Magazine cover features 35 women telling their stories of alleged assaults by Bill Cosby

This is an archived article and the information in the article may be outdated. Please look at the time stamp on the story to see when it was last updated.

NEW YORK — The latest cover of New York Magazine features 35 women who told the magazine their stories of being assaulted by Bill Cosby.

The cover was first shared by the magazine on Sunday night and quickly went viral.

The story includes photos of each woman and their individual stories. Each woman’s story includes a timeline of the alleged assault and details of the alleged crime. The article appears in the July 27, 2015 issue and is also available online.

Victoria Valentino, 72, a former Playboy bunny, was allegedly assaulted by Bill Cosby in 1969. Valentino was dining with her roommate at their usual joint, Café Figaro, where Cosby happened to be part owner. He knew that Valentino’s 6-year-old son had recently died, and he told Valentino’s friend that he thought she could use some cheering up. "He took my roommate and me out to dinner. It was this new hip steak restaurant on the strip near the Whiskey a Go Go called Sneaky Pete’s. He was chatting her up and trying to charm her. And he reached across and put a pill next to my wine glass and said, ‘Here, this will make you feel better,’ and he gave her one. I wasn’t really thinking. I thought, Great, me feel better? You bet. So I took the pill and washed it down with some red wine. And then he reached across and put another pill in my mouth and gave her one. Just after I took the second pill, my face was, like, face-in-plate syndrome, and I just said, ‘I wanna go home.’ He said he would drive us home. We went up this elevator. I sat down, and lay my head back, just fighting nausea. I looked around and he was sitting next to my roommate on the loveseat with this very predatory look on his face. She was completely unconscious. I could hear the words in my head, but I couldn’t form words with my mouth, because I was so drugged out." Tap the photo to hear Victoria Valentino tell her story, and watch her video interview at nymag.com/cosby-women.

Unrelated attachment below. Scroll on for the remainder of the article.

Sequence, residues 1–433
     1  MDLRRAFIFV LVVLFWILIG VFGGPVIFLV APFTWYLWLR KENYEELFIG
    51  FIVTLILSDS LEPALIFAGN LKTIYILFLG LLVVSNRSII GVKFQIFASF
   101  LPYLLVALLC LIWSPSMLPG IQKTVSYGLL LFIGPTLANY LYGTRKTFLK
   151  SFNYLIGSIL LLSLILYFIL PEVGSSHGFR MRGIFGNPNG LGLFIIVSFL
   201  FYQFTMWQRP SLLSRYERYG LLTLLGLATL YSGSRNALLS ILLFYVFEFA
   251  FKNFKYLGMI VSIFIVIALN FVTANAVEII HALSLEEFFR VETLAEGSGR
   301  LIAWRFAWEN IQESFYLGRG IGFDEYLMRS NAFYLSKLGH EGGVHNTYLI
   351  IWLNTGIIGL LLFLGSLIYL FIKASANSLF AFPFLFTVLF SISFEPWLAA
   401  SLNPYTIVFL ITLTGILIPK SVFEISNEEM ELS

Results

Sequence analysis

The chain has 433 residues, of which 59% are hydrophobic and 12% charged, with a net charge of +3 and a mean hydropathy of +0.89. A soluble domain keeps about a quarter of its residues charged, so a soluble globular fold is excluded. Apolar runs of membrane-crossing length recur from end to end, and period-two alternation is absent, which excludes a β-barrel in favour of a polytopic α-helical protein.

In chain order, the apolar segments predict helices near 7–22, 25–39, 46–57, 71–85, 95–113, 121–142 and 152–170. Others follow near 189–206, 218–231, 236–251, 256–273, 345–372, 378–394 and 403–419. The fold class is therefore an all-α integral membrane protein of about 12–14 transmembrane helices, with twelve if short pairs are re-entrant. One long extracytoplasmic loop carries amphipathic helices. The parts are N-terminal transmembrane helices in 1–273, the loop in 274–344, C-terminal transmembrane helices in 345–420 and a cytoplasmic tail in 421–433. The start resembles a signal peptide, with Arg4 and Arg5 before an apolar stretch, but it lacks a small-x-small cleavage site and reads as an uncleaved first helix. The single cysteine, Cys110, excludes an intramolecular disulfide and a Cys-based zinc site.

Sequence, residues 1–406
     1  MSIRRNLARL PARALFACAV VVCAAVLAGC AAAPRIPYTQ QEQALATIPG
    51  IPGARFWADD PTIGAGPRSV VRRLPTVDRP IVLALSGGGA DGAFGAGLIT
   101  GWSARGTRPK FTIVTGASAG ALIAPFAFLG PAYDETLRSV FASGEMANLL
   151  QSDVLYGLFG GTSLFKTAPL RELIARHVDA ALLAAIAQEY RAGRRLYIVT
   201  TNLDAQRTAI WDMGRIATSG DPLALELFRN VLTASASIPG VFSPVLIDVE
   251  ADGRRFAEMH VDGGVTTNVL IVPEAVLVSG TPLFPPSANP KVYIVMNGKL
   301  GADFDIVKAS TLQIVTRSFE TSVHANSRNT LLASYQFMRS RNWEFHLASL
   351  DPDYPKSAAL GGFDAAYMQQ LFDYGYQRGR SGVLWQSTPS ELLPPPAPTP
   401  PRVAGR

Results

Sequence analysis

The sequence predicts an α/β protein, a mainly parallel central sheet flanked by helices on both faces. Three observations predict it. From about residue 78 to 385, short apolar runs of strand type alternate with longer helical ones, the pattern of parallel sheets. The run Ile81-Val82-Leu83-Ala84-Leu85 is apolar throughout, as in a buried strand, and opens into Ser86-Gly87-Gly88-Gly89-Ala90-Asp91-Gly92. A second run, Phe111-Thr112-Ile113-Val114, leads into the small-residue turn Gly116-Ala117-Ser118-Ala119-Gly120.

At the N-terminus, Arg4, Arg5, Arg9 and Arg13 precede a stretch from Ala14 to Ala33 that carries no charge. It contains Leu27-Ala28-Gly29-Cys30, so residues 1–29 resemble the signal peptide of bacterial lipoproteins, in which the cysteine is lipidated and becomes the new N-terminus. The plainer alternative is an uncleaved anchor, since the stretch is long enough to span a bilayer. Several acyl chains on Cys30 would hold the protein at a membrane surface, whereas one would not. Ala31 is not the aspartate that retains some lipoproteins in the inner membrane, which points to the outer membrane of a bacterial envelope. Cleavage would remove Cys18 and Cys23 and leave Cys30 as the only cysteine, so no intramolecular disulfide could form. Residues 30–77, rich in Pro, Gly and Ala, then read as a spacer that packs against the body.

A post shared by New York Magazine (@nymag) on

Louisa Moritz, 68, an actress, was allegedly assaulted by Bill Cosby in 1971. Moritz was getting ready to appear on the 'Tonight Show' when someone opened the door of her dressing room. “He never knocked. I knew it was Mr. Cosby. I'd seen his picture. He walked in and closed the door behind him. It went on for maybe four minutes, five minutes. But it was the longest five minutes that I ever experienced. And when they called my name, he ran out. When he walked down the stage, he introduced himself as Louisa Moritz. And then a huge laugh. When they called me to go onstage, I was a zombie. He didn't look at me while we were on the show. I didn't look at him. I just felt him. I was afraid to tell anybody. I knew who Mr. Cosby was and that prevented me from telling anybody. I felt ashamed. I was embarrassed to be me." Tap the photo to hear Louisa Moritz tell her story, and watch her video interview at nymag.com/cosby-women.

A post shared by New York Magazine (@nymag) on

Cosby admits to getting Quaaludes